Just how serious are the nation’s drug and pharmaceutical companies about developing new medicines designed to close the gap of unequal health outcomes between African Americans and the white majority? Judging from a recent survey by the Pharmaceutical Research and Manufacturers of America (PhRMA), a national association representing the country’s leading research-based pharmaceutical and biotechnology firms, the answer appears to be: very serious indeed.

The survey results, published in September 2002, reveal that PhRMA member companies are currently working on no fewer than 249 new medicines for diseases that disproportionately affect black Americans or are among the top ten causes of death for this population. This represents a more than 50% increase since 1999, when 156 such medicines were in development.

The arsenal of new medications in the pipeline includes:

• 90 cancer drugs, including medicines that target cancers of the colon, esophagus, larynx, liver, lung, pancreas, prostate, stomach and uterus. Generally, African Americans are more likely to develop cancer than whites and are about 30% more likely to die of the disease.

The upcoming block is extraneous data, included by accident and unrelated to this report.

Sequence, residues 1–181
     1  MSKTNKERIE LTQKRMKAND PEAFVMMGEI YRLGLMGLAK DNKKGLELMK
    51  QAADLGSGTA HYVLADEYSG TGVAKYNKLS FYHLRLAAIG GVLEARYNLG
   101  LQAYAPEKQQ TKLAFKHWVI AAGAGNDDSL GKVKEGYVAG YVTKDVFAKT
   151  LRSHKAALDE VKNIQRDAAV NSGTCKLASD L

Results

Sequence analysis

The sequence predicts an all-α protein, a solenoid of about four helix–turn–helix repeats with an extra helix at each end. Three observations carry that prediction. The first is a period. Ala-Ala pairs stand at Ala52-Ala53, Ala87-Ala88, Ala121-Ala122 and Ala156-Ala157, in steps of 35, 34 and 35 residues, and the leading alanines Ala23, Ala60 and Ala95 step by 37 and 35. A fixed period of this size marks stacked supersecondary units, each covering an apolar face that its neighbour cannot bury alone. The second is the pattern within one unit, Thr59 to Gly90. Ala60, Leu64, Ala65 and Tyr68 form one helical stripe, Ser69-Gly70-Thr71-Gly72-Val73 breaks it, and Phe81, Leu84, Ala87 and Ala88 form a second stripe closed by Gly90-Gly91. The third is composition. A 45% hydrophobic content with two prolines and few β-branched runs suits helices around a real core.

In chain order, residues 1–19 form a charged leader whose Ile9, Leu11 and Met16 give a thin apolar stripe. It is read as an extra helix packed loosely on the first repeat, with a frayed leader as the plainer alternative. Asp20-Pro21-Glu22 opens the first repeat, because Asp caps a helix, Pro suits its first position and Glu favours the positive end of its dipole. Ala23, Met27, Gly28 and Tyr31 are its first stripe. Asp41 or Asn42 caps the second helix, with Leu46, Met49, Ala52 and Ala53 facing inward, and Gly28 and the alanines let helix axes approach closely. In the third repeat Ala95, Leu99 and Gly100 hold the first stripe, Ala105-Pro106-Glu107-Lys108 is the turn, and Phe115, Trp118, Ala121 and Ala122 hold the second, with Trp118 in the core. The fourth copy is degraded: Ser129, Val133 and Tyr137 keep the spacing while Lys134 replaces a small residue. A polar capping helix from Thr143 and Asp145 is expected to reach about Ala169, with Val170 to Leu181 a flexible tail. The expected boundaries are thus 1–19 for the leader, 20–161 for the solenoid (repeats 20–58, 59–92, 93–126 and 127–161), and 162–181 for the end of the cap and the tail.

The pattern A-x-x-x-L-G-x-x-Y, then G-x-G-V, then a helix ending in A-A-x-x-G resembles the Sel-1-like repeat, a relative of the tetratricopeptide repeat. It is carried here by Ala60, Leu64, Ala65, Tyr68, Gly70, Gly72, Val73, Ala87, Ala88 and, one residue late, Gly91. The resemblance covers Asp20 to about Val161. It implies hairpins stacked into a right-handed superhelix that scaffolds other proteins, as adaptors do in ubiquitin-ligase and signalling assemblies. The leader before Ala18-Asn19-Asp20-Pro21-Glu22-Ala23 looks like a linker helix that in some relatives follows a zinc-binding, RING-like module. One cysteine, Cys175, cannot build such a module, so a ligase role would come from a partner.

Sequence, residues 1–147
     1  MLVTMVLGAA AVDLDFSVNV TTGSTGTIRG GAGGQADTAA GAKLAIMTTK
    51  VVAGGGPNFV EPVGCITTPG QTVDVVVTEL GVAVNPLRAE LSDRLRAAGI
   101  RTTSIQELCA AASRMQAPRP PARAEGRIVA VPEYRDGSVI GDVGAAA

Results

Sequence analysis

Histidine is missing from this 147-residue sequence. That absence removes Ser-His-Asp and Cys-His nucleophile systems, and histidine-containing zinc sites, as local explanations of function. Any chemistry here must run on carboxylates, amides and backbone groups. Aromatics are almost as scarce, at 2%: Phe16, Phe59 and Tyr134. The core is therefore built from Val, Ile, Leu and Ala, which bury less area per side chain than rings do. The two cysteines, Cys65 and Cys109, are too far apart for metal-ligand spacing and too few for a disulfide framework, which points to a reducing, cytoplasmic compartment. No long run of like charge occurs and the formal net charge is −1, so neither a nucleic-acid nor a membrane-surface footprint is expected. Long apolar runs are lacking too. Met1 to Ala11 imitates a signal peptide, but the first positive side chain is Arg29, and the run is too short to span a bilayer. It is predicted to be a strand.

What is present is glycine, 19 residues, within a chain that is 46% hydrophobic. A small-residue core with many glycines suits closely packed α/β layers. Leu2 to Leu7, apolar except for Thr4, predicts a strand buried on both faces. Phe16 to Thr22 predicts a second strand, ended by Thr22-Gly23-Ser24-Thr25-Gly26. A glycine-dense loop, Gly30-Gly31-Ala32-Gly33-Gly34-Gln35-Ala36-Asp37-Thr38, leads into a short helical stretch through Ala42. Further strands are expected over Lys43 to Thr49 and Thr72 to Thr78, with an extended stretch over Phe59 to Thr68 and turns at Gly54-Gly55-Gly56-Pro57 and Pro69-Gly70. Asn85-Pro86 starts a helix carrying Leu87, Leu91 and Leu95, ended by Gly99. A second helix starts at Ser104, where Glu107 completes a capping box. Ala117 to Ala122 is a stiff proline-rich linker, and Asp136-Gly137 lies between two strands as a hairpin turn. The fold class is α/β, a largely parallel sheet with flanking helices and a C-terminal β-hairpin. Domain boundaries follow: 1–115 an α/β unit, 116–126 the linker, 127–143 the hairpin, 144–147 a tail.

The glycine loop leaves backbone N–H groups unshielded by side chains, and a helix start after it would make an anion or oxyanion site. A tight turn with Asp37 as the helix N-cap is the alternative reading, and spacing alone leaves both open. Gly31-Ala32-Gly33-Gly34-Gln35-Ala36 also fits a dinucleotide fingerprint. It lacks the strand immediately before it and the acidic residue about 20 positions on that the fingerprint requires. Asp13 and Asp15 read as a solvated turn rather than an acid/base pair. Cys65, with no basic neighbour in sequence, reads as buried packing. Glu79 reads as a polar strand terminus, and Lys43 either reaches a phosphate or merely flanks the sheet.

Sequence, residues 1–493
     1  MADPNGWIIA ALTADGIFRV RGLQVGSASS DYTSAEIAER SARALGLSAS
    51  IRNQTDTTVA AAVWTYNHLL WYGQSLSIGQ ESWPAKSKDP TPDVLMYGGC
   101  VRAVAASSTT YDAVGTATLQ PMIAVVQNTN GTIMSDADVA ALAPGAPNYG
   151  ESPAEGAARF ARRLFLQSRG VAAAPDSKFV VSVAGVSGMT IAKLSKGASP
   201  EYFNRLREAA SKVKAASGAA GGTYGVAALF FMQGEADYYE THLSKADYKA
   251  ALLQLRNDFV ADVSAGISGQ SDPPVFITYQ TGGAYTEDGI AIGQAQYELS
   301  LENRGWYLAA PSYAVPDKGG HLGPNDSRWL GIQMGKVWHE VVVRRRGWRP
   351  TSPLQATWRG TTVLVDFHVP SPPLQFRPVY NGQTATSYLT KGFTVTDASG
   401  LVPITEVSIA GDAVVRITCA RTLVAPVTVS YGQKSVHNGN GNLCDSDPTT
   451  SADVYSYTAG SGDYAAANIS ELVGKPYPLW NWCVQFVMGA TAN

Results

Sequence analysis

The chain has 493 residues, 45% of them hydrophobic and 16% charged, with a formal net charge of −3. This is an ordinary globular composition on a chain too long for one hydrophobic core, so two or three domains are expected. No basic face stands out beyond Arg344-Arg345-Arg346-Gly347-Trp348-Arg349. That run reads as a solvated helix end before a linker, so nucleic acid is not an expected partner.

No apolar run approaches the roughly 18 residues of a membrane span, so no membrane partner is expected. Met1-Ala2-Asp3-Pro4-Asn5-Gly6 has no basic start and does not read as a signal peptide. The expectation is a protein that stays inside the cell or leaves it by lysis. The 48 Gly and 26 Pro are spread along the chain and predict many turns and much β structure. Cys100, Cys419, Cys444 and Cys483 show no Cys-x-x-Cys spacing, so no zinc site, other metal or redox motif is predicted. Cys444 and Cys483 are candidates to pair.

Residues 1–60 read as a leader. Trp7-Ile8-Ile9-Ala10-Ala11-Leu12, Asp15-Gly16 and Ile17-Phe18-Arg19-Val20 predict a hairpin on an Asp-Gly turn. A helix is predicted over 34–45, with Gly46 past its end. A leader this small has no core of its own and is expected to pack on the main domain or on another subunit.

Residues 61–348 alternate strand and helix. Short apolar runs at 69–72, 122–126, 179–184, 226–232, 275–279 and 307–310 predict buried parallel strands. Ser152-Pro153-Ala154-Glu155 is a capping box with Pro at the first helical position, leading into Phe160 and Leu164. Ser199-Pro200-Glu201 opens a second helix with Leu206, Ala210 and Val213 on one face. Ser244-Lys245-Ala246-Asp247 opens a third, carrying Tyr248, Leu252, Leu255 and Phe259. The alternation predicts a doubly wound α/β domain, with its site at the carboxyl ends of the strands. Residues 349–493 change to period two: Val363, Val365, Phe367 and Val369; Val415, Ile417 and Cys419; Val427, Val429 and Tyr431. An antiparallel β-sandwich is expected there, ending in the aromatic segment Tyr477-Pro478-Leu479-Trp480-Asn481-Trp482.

• 53 potential medicines for respiratory diseases, including asthma–which kills black Americans at three times the rate of the majority population–and chronic obstructive pulmonary disease, which kills more than 5,000 African Americans each year.

• 22 HIV/AIDS drugs. AIDS death rates for African Americans are nearly ten times higher than for whites.

• 19 medicines for treating cardiovascular disease (CVD), including coronary artery disease, heart attack, heart failure, stroke and hypertension. CVD death rates for African-American men are nearly 50% higher than for white men, and 67% higher for black women than for their white counterparts.

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Other medicines in development target diabetes, sickle cell disease, kidney failure, eye disorders and obesity.

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